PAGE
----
So what if introverted teachers leave?
Posted January 30, 2016on:
There seemed to be a considerable reaction on Twitter to The Atlantic article, Why Introverted Teachers Are Burning Out.
According to the article:
…some teachers are citing their introversion as a reason why today’s increasingly social learning environments are exhausting them—sometimes to the point of retirement.
The article provided cases and mentioned research to support the premise that some teachers burn out because of the pressure to collaborate socially.
Teachers leave the profession for as many reasons as those of other jobs. Ask anyone from human resources candid enough to share and you will hear these reasons and more: Poor fit, better prospects elsewhere, change in perspective, shift in priorities.
I am not making light of the fact that extreme introverts might have issues in the staffroom and classroom. But to attribute introversion as a key reason why teachers burn out is an emotional one disguised as logic.
A logical reason presumes you can quantify or adequately describe what being an introvert is. If the article struggled to provide an agreed-upon definition for it, how can you measure it or describe it?
Perhaps introversion is a gestalt of a person. Like porn, introversion is difficult to define or measure, but you know it when you see it.
In the case of teacher exits, the crux of the issue might lie in the second paragraph:
A few studies suggest that introverted teachers—especially those who may have falsely envisioned teaching as a career involving calm lectures, one-on-one interactions, and grading papers quietly with a cup of tea—are at risk of burning out.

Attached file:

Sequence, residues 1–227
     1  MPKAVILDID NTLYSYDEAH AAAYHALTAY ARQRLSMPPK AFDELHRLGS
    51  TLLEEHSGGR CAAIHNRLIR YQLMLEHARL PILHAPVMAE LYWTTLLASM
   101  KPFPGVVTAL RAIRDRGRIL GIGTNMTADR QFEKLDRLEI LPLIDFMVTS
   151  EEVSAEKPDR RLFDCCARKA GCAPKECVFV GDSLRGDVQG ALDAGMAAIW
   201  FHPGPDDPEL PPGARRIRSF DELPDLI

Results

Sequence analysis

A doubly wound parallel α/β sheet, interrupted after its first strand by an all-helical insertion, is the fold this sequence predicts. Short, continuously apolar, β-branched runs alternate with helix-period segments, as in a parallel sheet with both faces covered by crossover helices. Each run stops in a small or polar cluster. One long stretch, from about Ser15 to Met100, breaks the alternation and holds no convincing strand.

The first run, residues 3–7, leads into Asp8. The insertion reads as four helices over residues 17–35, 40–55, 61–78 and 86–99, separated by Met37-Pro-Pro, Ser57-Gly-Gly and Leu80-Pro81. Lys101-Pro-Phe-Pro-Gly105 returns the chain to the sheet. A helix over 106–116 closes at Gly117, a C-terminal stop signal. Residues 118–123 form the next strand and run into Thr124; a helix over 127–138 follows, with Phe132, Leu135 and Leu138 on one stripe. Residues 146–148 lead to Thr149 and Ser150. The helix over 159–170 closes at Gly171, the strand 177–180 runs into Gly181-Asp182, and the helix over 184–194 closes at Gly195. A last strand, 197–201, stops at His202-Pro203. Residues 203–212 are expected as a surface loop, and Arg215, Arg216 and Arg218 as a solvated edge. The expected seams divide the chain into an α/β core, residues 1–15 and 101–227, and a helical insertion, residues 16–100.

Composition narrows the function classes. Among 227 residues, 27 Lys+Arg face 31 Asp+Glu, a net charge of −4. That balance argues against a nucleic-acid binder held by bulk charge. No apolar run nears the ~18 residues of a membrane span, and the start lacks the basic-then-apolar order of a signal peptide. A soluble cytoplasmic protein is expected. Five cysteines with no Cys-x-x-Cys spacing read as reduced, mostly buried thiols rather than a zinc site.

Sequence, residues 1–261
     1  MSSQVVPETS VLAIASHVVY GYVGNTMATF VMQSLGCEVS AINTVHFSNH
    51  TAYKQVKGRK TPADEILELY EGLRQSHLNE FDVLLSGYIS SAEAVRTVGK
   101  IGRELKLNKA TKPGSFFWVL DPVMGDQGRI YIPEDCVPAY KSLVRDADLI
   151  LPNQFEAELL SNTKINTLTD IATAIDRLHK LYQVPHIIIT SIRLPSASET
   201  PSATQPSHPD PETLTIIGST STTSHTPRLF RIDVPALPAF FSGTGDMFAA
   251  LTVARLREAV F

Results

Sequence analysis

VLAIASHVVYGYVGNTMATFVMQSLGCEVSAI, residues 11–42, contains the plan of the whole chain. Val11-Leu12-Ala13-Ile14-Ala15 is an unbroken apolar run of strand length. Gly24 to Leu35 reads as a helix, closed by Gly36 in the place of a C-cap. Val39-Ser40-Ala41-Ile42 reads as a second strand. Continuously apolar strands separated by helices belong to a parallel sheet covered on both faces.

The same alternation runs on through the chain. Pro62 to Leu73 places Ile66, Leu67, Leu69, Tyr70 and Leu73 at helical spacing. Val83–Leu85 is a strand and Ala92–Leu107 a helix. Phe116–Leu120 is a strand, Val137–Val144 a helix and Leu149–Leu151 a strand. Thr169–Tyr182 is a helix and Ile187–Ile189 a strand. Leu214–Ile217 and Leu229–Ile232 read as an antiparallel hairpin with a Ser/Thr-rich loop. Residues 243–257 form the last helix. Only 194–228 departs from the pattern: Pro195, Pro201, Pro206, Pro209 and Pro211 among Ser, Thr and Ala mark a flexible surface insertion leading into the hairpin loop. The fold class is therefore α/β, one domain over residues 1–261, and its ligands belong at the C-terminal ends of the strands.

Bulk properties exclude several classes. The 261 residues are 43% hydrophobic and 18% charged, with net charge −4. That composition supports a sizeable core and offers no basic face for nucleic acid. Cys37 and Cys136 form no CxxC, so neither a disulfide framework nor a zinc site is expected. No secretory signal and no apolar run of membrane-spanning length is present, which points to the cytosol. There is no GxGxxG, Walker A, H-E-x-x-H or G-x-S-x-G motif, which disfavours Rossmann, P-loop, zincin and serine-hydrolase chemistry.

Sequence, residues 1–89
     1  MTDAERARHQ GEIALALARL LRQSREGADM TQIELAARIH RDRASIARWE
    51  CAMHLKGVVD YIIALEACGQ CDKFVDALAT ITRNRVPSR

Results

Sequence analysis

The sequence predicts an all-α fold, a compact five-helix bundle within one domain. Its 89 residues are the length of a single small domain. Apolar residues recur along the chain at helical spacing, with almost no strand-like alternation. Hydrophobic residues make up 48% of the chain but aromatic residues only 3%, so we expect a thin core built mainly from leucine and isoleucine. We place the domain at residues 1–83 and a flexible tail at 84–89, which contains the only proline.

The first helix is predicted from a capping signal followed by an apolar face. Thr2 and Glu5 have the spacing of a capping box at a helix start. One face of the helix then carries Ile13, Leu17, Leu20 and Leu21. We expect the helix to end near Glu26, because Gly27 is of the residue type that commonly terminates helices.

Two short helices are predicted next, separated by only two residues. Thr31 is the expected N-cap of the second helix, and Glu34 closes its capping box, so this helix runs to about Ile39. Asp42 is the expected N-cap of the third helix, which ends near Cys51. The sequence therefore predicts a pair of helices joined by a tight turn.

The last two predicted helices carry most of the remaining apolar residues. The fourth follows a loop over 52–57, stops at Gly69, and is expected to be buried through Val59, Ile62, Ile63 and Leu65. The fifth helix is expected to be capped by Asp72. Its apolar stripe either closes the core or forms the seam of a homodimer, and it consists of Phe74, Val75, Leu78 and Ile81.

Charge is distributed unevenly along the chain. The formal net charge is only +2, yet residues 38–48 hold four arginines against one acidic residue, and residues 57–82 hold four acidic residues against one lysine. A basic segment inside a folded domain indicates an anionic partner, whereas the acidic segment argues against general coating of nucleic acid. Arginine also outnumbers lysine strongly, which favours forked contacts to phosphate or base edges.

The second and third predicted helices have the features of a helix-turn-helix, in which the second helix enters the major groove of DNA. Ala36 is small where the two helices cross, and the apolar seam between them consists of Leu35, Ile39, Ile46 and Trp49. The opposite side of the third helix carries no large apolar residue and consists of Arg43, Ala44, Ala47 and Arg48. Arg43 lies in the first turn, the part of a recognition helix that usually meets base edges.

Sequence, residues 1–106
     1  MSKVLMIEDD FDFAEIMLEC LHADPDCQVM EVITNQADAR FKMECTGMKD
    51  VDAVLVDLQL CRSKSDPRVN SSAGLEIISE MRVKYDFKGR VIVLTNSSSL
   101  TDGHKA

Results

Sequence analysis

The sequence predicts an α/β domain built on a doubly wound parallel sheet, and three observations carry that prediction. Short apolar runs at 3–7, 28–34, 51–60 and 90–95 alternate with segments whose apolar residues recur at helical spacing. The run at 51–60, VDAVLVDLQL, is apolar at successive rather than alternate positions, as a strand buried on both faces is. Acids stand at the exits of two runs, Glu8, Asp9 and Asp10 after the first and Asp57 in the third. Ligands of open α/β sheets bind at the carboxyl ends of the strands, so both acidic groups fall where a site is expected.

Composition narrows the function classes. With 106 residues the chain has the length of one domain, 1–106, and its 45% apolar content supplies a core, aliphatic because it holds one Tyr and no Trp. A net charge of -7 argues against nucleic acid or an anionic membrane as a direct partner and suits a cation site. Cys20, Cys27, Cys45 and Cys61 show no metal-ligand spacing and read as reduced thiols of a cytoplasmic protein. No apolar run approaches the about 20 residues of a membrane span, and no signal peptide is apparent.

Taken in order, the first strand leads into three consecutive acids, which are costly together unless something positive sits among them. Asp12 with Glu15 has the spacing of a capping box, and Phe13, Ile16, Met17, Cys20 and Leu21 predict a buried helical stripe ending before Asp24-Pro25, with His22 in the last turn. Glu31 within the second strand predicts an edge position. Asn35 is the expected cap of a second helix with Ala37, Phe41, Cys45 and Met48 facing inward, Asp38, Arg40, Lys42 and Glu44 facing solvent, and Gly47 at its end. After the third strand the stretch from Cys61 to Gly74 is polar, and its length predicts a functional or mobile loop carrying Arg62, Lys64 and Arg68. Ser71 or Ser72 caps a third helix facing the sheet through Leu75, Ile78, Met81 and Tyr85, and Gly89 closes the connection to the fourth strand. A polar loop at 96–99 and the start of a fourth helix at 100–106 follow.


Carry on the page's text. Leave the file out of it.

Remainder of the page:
Being an introvert or even deeply introspective should not prevent you from working with people and being collaborative. Poor expectations and the unwillingness to change do.
Teachers take on many roles. One is to be actors. They might be required to pretend to be what they are innately not in order to suit the circumstances and do what is better for students.
The teachers that were described in the article might not have expected to teach less and differently. It is much more challenging to facilitate, collaborate, and balance varied learning needs. It is even more challenging to do this consistently and within a system that is still learning how it needs to change.
What seems sad for the school bubble is that good people leave. However, the people that leave join other systems outside that bubble. They help teachers and learners where they are. They might no longer be teachers of standalone, artificially tested content; they can be educators of people in the wider, authentic contexts of life.